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scholarly statistics analysis for making collection development decisions

Dear all,

I've been researching how libraries use their vendor statistics 
in order to inform collection development and I have been curious 
if any libraries are currently undertaking any projects in order 
to analyze your statistics from various vendors in a systematic 
fashion. Through online searching or from colleagues, I have come 
across the tools listed below. I'm wondering if your library uses 
one of them or if you use something else to help make decisions 
about your subscriptions besides the ones I've listed below, 
either free or commercial? I'm primarily interested in 
resources/tools for academic libraries. If you have any other 
suggestions, I'd be happy to compile them and send them on to the 

1.Scholarly Stats 
<https://www.scholarlystats.com/sstats/default.htm> (commercial)

ScholarlyStats has been developed to provide information 
professionals with a single point of access to their vendor usage 
statistics. ScholarlyStats can deliver usage statistics via Sushi 
to selected vendors for integration into resource management 
systems and databases. This is a commercial tool.

2.JISC Academic Database Assessment Tool 
(ADAT)<http://www.jisc-adat.com/adat/home.pl> (free)

This site from JISC Collections aims to help libraries to make 
informed decisions about future subscriptions to bibliographic 
and full text databases. More information about the site's data 
sourcing and comparison method is a vailable on the 'About' page. 
This tool is free to use online, supported by various 

3.Bibliostat Connect (commercial, aimed at public libraries)

This is a start-up by Paul Sybrowsky, one of the Dynix founders. 
Aimed at Public Libraries. Available through various vendors such 
as Baker & Taylor and Informata. Interestingly incorporates US 
Census data.

4.360 Counter from Serial Solutions 

"360 Counter aggregates data, inserts costs, associates 
subjects, standardizes titles, calculates usage and costs, and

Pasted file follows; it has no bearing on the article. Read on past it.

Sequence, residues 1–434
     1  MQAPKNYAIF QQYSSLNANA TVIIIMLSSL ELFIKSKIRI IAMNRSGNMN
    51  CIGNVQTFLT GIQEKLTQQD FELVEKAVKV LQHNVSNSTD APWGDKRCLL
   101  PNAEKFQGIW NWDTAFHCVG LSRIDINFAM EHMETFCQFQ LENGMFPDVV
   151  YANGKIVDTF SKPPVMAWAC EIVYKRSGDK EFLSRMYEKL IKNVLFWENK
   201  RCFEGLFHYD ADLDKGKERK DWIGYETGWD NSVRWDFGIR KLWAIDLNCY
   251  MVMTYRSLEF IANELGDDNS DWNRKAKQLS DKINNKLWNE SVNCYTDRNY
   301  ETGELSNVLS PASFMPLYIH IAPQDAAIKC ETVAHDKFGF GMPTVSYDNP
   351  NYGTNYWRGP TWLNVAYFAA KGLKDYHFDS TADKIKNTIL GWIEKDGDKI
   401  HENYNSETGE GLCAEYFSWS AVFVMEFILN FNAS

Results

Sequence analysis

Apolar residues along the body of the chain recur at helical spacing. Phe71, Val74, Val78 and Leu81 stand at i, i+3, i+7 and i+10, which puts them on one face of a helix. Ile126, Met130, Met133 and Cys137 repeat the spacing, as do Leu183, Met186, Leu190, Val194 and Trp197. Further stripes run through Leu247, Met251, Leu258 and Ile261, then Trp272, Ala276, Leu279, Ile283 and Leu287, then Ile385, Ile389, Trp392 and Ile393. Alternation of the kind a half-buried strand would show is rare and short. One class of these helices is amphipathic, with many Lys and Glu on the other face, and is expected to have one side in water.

automates analysis. You then can customize reporting based on the 
criteria that's most important for your library. The outcome is 
better data, better information, better analysis, and better 
decisions." Other useful features: 

5.Valuing Library Services 
Calculator<http://nnlm.gov/mcr/evaluation/calculator.html> (free 
from NLM)

Determining the value of resources and services provided by a 
library can be complicated and time consuming. Use this 
calculator to find out what a user would pay to get the same 
resources or services elsewhere in the event the library is no 
longer an option. The Cost/Benefit value of your services is 
updated as you enter statistics about the use of your library and 

6.CBA/ROI Calculator<http://nnlm.gov/mcr/evaluation/roi.html> 
(free from NLM)

How much benefit does your institution, your user, receive for 
every dollar spent by the library? What's the annual return your 
institution realizes on what you spend on your collection? Use 
this calculator to determine the Cost/Benefit ratio and Return on 
Investment of your services and collections.

7.Database ROI 
Calculator<http://nnlm.gov/mcr/evaluation/dbroi.html> (free from 

How much benefit does your institution, your user, receive for 
every dollar spent by the library on databases? Use this 
calculator to determine the Cost/Benefit ratio and Return on 

Thanks in advance!



Susan Payne
Science & Engineering Librarian for:
Physics & Astronomy and Mathematics
Sheridan Libraries
The Johns Hopkins University
3400 N. Charles St, Baltimore, MD 21218
Phone: 410-516-8366; FAX: 410-516-8399